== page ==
CGF ARTICLES, OPINIONS & EDITORIALS
We are pleased to welcome Glen Talbot as the newest member to join CGF’s team of Lead Independent Consultants. Glen has acquired a wealth of internal audit experience over the last 24 years in various industry sectors including the Financial Services Sector, Public Entities, Media Broadcasting and the Motor Industry. Glen has a keen interest in performing governance assessments with reference to the Corporate Governance Framework®, more especially in the areas of internal audit and combined assurance.
By Terrance M. Booysen and peer reviewed by Jené Palmer CA(SA) (CGF Lead Independent Consultant)
The recent resignations of the CEOs of Eskom and South African Airways have again focussed the spotlight on board performance and effectiveness. Inevitably, the critical question arises: why are these CEOs really leaving? In considering the answer to this question one must include a review of the board’s composition and the extent to which the overall ‘health’ of the board may have influenced any decision to leave or not leave the organisation.
By Jené Palmer CA(SA) (CGF Lead Independent Consultant) and peer reviewed by Terrance M. Booysen
Visionary leaders do not underestimate the power of the Corporate Governance Framework® in driving organisational culture. These leaders appreciate the importance of a governance framework in nurturing sustainability by driving values-based decision-making to “play the long game”.
By Lucien Caron (CGF Lead Independent Consultant) and peer reviewed by Terrance M. Booysen
An experienced board member will fully appreciate the various mechanisms contained within the organisation’s Memorandum of Incorporation (‘MOI’) that can be altered to best suit the environment within which the company operates. More often than not, the MOI is trivialized as simply a ‘founding document’ of the company and once approved, it is filed and gathers dust. However, over-looking the importance of the MOI -- which contains information about the core elements of the organisation’s governance -- amounts to an injustice to the nature and intent of this document, not least also the company and its stakeholders.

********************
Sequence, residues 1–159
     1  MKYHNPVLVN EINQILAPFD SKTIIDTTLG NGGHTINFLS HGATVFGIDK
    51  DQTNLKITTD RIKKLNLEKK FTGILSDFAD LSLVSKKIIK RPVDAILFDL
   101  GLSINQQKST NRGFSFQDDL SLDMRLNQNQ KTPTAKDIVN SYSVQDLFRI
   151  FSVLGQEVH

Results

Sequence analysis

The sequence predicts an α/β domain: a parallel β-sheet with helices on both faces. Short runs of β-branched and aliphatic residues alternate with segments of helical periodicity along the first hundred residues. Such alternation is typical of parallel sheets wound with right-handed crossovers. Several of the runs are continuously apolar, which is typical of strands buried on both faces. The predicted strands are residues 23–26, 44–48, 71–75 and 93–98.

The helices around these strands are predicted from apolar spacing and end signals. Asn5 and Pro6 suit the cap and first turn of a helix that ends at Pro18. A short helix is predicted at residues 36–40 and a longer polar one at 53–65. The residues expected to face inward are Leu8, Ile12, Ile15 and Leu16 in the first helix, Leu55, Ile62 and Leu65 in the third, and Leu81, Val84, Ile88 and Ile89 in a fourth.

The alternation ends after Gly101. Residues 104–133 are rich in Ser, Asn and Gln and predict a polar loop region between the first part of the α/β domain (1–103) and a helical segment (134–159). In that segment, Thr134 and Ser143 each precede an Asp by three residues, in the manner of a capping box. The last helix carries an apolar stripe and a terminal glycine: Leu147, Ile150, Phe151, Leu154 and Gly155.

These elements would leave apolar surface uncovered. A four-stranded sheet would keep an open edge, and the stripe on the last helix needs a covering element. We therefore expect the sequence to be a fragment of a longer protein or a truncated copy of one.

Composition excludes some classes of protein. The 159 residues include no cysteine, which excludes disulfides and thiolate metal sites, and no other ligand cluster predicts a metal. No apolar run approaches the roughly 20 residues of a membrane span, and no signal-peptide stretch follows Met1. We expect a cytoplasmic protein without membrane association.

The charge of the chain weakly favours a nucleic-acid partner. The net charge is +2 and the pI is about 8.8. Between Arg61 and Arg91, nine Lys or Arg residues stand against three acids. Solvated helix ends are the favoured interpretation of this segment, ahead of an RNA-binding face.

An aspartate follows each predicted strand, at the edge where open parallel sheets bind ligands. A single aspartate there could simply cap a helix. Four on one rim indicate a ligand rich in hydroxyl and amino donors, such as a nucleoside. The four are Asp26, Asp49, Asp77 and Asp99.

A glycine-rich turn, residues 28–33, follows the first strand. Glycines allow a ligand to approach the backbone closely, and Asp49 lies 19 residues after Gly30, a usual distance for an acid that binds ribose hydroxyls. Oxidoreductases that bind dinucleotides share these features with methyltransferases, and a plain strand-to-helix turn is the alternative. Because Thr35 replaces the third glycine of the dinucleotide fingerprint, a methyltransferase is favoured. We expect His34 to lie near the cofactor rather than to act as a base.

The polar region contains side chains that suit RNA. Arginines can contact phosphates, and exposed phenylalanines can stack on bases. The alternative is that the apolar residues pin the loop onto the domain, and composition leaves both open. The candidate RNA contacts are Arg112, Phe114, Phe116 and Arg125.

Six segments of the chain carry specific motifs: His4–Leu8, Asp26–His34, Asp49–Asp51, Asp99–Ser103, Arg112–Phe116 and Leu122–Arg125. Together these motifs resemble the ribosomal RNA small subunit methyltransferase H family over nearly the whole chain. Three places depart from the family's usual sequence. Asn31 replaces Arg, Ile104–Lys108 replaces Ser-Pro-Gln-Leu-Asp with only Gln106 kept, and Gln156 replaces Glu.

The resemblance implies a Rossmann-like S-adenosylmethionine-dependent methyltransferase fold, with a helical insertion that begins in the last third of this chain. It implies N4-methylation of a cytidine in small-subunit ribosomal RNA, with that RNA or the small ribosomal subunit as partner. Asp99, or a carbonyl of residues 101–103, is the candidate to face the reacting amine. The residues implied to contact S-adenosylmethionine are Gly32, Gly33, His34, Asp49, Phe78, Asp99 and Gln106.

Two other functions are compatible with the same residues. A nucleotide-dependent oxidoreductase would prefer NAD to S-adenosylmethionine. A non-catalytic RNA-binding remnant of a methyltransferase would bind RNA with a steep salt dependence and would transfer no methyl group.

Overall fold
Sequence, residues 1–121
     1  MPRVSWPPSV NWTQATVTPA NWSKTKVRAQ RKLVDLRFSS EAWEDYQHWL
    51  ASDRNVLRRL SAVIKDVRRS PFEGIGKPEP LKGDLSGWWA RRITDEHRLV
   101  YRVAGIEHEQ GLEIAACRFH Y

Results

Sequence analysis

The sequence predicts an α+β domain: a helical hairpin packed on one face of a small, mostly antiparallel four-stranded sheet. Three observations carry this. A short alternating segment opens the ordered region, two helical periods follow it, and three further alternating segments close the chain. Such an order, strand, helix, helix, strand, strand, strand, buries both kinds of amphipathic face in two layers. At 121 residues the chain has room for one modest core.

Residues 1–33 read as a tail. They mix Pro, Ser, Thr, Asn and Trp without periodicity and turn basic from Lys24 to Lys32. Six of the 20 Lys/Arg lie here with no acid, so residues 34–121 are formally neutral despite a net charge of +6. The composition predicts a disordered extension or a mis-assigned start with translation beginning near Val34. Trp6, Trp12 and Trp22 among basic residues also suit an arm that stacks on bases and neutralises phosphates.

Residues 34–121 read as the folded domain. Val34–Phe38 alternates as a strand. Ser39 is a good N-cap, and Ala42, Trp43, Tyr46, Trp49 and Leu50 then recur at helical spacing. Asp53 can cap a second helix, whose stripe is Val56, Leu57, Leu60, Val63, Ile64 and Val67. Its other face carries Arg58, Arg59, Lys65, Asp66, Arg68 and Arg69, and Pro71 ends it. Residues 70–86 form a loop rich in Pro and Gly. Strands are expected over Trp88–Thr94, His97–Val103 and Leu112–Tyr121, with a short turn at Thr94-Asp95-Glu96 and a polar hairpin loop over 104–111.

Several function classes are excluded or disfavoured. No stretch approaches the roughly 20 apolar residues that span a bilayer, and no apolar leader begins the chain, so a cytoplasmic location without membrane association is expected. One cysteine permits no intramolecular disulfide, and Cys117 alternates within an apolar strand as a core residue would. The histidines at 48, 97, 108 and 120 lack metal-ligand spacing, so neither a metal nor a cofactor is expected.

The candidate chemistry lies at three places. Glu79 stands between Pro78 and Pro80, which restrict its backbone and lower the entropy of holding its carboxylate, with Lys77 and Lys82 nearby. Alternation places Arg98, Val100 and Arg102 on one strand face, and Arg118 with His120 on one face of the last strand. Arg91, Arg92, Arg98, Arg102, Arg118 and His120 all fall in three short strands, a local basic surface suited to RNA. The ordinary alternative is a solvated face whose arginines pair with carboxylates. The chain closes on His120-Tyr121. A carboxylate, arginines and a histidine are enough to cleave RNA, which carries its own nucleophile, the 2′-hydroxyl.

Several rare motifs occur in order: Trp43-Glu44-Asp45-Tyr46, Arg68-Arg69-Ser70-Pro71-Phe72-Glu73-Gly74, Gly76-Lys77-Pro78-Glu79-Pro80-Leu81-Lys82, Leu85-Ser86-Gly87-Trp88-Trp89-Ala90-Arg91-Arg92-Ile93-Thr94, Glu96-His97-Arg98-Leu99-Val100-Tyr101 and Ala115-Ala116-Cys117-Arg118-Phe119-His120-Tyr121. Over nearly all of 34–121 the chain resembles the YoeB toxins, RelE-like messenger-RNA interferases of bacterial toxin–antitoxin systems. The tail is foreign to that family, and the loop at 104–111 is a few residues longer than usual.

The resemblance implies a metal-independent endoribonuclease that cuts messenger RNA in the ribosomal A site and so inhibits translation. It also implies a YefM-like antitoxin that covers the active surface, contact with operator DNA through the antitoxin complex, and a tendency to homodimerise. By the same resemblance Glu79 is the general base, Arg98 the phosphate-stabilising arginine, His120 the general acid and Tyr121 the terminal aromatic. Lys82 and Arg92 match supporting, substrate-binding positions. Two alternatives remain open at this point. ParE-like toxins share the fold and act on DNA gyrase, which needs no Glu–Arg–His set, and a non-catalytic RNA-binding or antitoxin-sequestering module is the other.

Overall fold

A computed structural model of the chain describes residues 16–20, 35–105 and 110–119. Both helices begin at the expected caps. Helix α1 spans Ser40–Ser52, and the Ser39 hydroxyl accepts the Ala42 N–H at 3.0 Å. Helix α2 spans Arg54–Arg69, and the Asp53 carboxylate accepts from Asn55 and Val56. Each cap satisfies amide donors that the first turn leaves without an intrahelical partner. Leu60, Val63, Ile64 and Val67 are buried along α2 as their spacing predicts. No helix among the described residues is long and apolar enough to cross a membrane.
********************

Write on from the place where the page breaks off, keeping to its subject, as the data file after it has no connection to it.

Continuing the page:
By Terrance M. Booysen and peer reviewed by Kerry Gantley (Partner: Cowan-Harper-Madikizela Attorneys)
We all know that hate speech and free speech are entirely different concepts, yet in South Africa what you can and cannot say as a responsible citizen or public figure remains a divisive issue.
Vicki Momberg, Adam Catzevelos, Penny Sparrow, Kessie Nair, Velaphi Kumalo, Julius Malema, Edward Zuma and Andile Mngxitama are all recent examples of people from different ethnic backgrounds, whether as ordinary citizens or public figures, who have either fallen foul of or perceived to have fallen foul of hate speech laws.
By Terrance M. Booysen and peer reviewed by At van Rooy (KISCH IP: Director and Patent Attorney)
When boards of directors gather to discuss the top risks of an organisation, it may entail matters such as structurally high unemployment, labour unrest, exchange rate volatility, political uncertainty, unmanageable fraud and corruption, threats of new market entrants or even product stagnation.
By Terrance M. Booysen and peer reviewed by Lesley Morphet (Partner: Hogan Lovells)
The South African Competition Amendment Act 18 of 2018 (‘the Amendment Act’) which was tabled in Parliament in July 2018, and signed into law by President Ramaphosa last month, has been the subject of much debate and comment, especially insofar as it aims to implement far-reaching changes to the current Competition Act 89 of 1998 (‘the Competition Act’). Although the Amendment Act has been signed into law, it is yet to be brought into operation on a date to be declared by the President.
By Terrance M. Booysen and peer reviewed by David Loxton (Chief Executive Officer: Africa Forensics & Cyber)
Theory and practice can be worlds apart, and unsurprisingly, in the realm of morality and ethics, the divide between the two is often clearly pronounced. While it may be easy for employees to claim that they would without question report any observations of fraud, corruption, or other impropriety being perpetrated in the workplace, it may not be that easy for them to do so in practice.
By Terrance M. Booysen (Director: CGF) and Ramani Naidoo (Author: Corporate Governance - An essential guide for South African companies)
Management guru, Peter Drucker, is often quoted as saying, “If you can’t measure it, you can’t manage [or improve] it”. Constructive feedback is integral to a process of development, growth and improvement, not least in an organisational setting, and especially in the case of boards of directors. In their leadership roles, directors are expected to fulfill their statutory, fiduciary and ethical duties towards an organisation, and their performance in this role should be evaluated so that their effectiveness can be assessed and tested against best practice and appropriate benchmarks. Where lacking, actions for improvement should be put in place -- whether on an individual or collective basis -- for the benefit of the board as well as for the organisation and its stakeholders.
Since 2003, the executive team of CGF realised the complexity of business, furthermore the manner in which boards of directors would grapple with not only a barrage of increasing legislation from local and international sources, but also the business and governance challenges that arise from a myriad of changes spurred by evolving business models, dissipating traditional business boundaries, the complexities of mixed generational workforces, as well as quantum technological developments.